July 17

Rights of Persons with Disabilities – An Indian Context

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This week, I will be attending the National Disability Consultation to be held over 19th and 20th July at the India Habitat Centre, New Delhi. This engagement organized by the National Centre for Promotion of Employment for Disabled People (NCPEDP) is expected to feature an exciting line up of power packed speakers and sessions planned over the two day consultation involving organizations from across the country who will work with their respective State Governments to push for implementation of the Rights of Persons with Disabilities Act, 2016.

As a lead up to the Global Disability Summit in London in July, the consultation  organized with support from UK Government, Mphasis and Axis Bank seeks to bring together the sector leaders onto a common platform, to arrive at a cohesive action plan and way forward to ensure that people are made aware of the Rights of Persons with Disabilities Act, 2016 and empowered to push for it’s implementation within their individual constituencies.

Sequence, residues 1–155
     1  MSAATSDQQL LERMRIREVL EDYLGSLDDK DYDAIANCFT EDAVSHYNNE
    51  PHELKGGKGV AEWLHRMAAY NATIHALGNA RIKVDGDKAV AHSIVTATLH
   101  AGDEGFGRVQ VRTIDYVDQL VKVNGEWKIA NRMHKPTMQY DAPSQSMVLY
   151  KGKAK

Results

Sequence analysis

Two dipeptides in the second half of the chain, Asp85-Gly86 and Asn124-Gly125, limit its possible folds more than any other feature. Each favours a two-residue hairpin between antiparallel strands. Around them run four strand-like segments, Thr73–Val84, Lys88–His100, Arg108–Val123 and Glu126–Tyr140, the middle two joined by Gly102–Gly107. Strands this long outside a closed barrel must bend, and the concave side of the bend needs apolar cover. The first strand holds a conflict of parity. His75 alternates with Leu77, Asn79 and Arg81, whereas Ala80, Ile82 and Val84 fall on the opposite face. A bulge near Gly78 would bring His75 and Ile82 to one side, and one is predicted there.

I look forward to being part of the team representing Leonard Cheshire in this landmark consultation. More so, that the kickoff would be on my birthday.

black and white chairs conference room discussion

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Global Outlook on Policies and Conventions on Rights of Persons with Disabilities

In 2008, the UN Convention of the Rights of  Persons with Disabilities (UNCRPD) came into effect. This was the first human rights treaty of the 21st century and a culmination of 30 years of UN involvement in disability issues including;

  • 1981 UN International Year of the Disabled
  • 1983-1992 UN Decade of Disabled Persons
  • 1993 UN Standard  Rules on Equalization of Opportunities of Persons with Disabilities

The UNCRPD is an international human rights treaty of the United Nations intended to protect the rights and dignity of persons with disabilities. Parties to the convention are required to promote, protect, and ensure the full enjoyment of human rights by persons with disabilities and ensure that they enjoy full equality under the law. The Convention has served as the major catalyst in shifting the global approaches to disability from Charity, Medical and Social to the Human Rights Disability Model.(Refer to my previous blog article Shifting Sands)

The UNCRPD has eight guiding principles that underlie the convention which is also the only UN human rights instrument with an explicit sustainable development dimension. These guiding principles are;